Dr Shock will be in Edinburgh Scotland the next couple of days. Attending the Scottish ECT Accreditation Network Meeting from SEAN.
Will try to keep you posted but posts can be irregular the coming week.
A documentary style animation exploring the experiences of two women with clinical depression and modern electroconvulsive therapy. Animation By Laura Piraino. Music By Ben Cleek.
An incredible good visualization of someone suffering from psychotic depression. Impressive animations.
A superb location (the Grand Marina), in a beautiful town (Barcelona) full of sunshine (31°). A perfect setting for the 3rd Annual Meeting of EFFECT. Highly interested and highly interesting clinicians from all over the world attended the meeting to share experience and gain knowledge.
Read the program and a short summary of the lectures on Electroconvulsive therapy
Electroshock or Electro convulsive therapy is often depicted negatively in Hollywood films. It encourages stigmatization and discourages patients from its use. So if your About To Have ECT? Fine, but Don’t Watch It in the Movies: The Sorry Portrayal of ECT in Film. You can read more about electroshock in Hollywood productions in this prior post on this blog.
If you want some information on video from patients while they are actually undergoing this treatment or want to see an excellent lecture about ECT please have a look at: 9 Videos on ECT.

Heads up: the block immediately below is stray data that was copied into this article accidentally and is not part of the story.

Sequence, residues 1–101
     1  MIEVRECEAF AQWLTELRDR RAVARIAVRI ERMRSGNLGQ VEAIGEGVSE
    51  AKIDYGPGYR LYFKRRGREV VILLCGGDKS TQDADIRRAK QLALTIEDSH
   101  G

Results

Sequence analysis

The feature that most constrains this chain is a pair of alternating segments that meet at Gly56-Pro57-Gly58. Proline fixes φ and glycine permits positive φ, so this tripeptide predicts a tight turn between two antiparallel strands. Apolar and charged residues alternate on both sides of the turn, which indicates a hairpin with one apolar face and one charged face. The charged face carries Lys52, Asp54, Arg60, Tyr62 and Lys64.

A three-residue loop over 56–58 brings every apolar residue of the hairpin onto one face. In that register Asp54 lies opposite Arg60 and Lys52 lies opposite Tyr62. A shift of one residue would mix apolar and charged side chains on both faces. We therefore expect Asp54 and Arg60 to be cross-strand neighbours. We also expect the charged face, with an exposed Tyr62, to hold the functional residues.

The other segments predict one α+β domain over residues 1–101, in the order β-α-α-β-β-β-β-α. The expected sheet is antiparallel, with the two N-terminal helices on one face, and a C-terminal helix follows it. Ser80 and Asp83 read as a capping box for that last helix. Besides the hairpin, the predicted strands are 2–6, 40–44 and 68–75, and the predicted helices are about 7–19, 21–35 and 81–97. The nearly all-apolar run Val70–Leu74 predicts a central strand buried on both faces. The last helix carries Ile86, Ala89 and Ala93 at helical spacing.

In newspapers when comparing newspaper reports on ECT and electric defibrillation with a content analysis the articles with mentioning ECT differ from articles with a mention of defribillation.
Even in high standard newspapers the style of language becomes special when they deal with ECT.The articles are strongly biased and lack informations. In contrast to Defibrillation ECT is not generally accepted.Referring to ECT horror pictures of past psychiatry are cited.The language used is biased and discriminative. Referring to Defibrillation technical details are described and the language is neutral.The social representation of ECT is completely negative.
The content analysis was performed on articles in German Newspapers. They traced only few special articles on the subject in the 1994 and 1995 CD.Rom versions of the „Der Spiegel“,The „Frankfurter Allgemeine Zeitung“, the „Neue Zürcher Zeitung“ and the „Berliner Tageszeitung“,although the word „Elektroschock“ was employed 118 times. The word electroshock was mostly used in articles not about ECT. The term was mostly used because of it’s negative connotation in all kinds of subjects.
Why is this important?